The Fight About The Phone
“The last big fight in my marriage was about my phone. My husband took it and kept it because it was taking time away from him. I was furious. My whole life was in that phone, of course, and it’s how our kids communicated with me, too. I think, although it was just a phone, it represented something much bigger to me. I could no longer tolerate the attempt to control me in so many ways.
I am an educated adult woman who was many things: a wife, mother, worker, lover. It became clear, in that instant, that my husband’s insecurity about our attachment and my disinterest in constantly reassuring him about it would end our 18-year marriage. It’s terribly sad, and there was so much loss on many fronts for us and our children, but when married people don’t grow together, it’s very hard to reconnect, no matter how hard you try.” ― Cherie Morris
The Fight They’d Had 50 Times Before
“The last big fight we had before we decided to separate was the same fight we had 50 times before that. We went over the same things as always: ‘I’m always with these kids.’ ‘I am the only one bringing in an income.’ ‘You don’t appreciate me.’ ‘You don’t respect me.’ ‘You’ve changed.’ ‘We have nothing in common anymore.’ ‘Are you cheating on me?’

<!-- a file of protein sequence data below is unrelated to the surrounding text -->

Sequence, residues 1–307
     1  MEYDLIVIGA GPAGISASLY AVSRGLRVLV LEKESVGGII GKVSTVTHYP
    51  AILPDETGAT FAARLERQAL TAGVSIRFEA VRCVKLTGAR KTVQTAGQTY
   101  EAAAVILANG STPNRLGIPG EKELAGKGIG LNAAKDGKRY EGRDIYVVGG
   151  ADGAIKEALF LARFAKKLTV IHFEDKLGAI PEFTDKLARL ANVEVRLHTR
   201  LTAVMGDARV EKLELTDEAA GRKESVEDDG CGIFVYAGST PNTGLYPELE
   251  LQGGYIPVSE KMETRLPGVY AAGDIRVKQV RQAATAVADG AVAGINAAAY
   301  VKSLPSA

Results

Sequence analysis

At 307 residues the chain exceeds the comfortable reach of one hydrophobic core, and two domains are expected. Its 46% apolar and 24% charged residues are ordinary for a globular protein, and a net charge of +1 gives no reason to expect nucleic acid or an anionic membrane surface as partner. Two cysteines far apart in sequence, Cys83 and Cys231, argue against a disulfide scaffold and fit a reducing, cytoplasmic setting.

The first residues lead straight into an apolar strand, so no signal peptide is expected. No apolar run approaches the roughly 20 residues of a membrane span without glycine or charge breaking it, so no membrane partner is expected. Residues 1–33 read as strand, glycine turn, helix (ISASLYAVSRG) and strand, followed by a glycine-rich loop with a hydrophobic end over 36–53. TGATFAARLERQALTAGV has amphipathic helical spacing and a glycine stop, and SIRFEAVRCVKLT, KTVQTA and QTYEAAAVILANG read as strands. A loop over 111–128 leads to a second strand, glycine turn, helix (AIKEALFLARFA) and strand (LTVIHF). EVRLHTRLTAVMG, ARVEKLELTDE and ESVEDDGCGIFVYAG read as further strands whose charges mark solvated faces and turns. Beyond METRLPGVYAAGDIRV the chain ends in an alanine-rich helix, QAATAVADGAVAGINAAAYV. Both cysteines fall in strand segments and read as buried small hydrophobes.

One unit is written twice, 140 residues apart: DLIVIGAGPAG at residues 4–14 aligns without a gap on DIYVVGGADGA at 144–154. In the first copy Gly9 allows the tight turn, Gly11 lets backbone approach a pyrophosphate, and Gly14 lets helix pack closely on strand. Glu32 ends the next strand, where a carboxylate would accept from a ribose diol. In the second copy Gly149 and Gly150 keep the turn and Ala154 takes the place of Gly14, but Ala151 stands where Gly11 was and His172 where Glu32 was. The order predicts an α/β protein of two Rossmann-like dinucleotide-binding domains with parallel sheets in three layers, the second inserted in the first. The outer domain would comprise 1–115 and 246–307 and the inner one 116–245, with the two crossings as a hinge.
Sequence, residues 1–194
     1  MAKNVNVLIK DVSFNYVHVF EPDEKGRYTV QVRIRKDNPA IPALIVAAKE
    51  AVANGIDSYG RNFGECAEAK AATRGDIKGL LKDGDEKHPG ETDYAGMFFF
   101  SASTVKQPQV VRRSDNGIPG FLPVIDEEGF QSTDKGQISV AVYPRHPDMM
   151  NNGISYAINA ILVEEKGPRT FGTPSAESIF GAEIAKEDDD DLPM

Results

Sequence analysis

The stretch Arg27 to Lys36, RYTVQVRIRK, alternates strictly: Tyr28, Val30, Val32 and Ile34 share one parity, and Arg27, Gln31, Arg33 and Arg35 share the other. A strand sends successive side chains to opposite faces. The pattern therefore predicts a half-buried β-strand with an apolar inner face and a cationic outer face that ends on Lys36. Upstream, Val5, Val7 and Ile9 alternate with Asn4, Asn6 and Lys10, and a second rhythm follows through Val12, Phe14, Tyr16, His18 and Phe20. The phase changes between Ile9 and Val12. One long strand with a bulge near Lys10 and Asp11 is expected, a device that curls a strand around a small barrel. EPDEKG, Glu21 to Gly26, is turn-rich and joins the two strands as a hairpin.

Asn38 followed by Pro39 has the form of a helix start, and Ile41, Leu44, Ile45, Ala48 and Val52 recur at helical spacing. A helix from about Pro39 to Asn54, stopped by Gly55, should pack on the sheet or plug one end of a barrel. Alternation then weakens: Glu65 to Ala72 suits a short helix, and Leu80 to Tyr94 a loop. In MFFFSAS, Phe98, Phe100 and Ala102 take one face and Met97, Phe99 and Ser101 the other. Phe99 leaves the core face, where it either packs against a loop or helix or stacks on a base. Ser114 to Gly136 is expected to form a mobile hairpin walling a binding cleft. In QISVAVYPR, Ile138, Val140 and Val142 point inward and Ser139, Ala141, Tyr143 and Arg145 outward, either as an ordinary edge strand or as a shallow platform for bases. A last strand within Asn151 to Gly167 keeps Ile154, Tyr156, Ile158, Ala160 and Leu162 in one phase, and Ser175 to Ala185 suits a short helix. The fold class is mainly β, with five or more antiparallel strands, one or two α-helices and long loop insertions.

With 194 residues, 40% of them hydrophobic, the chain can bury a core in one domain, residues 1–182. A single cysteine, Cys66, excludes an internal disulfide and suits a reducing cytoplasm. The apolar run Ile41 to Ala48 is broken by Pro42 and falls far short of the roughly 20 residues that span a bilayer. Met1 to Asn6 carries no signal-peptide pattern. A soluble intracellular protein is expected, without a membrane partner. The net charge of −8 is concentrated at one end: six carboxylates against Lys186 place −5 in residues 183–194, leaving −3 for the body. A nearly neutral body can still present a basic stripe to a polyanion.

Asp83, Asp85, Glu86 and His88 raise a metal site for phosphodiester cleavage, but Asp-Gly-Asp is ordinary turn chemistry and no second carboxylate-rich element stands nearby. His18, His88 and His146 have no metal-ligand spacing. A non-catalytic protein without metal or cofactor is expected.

The problem with our marriage was that we didn’t know how to communicate effectively and we both decided to check out. There was no trust and definitely no respect. The 7-year marriage never had a chance, in my opinion, because it seemed hopeless. There were just too many issues and an unwillingness to get help, both individually and as a couple. I mean real help. We tried marriage counseling, but it touched the tip of the iceberg and I think we both felt it was better to cut our losses early.” ― Jackie Pilossoph, author of the column “Love Essentially,” published in the Chicago Tribune